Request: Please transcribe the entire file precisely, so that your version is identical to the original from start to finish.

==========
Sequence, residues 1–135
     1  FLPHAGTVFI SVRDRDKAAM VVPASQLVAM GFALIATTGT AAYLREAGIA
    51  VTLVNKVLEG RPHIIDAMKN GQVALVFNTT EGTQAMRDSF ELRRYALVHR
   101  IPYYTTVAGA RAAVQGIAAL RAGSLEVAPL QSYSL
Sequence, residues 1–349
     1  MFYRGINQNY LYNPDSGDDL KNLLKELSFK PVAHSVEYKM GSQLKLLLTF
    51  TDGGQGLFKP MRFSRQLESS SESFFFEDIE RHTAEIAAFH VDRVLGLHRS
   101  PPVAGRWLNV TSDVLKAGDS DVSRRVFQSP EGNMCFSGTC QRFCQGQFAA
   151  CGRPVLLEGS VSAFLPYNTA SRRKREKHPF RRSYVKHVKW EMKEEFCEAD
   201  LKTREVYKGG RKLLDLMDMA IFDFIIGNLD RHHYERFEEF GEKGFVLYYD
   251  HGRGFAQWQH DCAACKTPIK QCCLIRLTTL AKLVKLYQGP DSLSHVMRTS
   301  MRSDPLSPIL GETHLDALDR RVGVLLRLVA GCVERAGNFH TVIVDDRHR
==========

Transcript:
Sequence, residues 1–135
     1  FLPHAGTVFI SVRDRDKAAM VVPASQLVAM GFALIATTGT AAYLREAGIA
    51  VTLVNKVLEG RPHIIDAMKN GQVALVFNTT EGTQAMRDSF ELRRYALVHR
   101  IPYYTTVAGA RAAVQGIAAL RAGSLEVAPL QSYSL
Sequence, residues 1–349
     1  MFYRGINQNY LYNPDSGDDL KNLLKELSFK PVAHSVEYKM GSQLKLLLTF
    51  TDGGQGLFKP MRFSRQLESS SESFFFEDIE RHTAEIAAFH VDRVLGLHRS
   101  PPVAGRWLNV TSDVLKAGDS DVSRRVFQSP EGNMCFSGTC QRFCQGQFAA
   151  CGRPVLLEGS VSAFLPYNTA SRRKREKHPF RRSYVKHVKW EMKEEFCEAD
   201  LKTREVYKGG RKLLDLMDMA IFDFIIGNLD RHHYERFEEF GEKGFVLYYD
   251  HGRGFAQWQH DCAACKTPIK QCCLIRLTTL AKLVKLYQGP DSLSHVMRTS
   301  MRSDPLSPIL GETHLDALDR RVGVLLRLVA GCVERAGNFH TVIVDDRHR